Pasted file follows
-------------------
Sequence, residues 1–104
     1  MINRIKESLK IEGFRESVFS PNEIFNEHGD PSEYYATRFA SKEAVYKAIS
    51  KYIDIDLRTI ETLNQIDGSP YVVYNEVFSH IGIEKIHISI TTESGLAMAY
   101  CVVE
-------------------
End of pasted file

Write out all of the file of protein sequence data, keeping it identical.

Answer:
Sequence, residues 1–104
     1  MINRIKESLK IEGFRESVFS PNEIFNEHGD PSEYYATRFA SKEAVYKAIS
    51  KYIDIDLRTI ETLNQIDGSP YVVYNEVFSH IGIEKIHISI TTESGLAMAY
   101  CVVE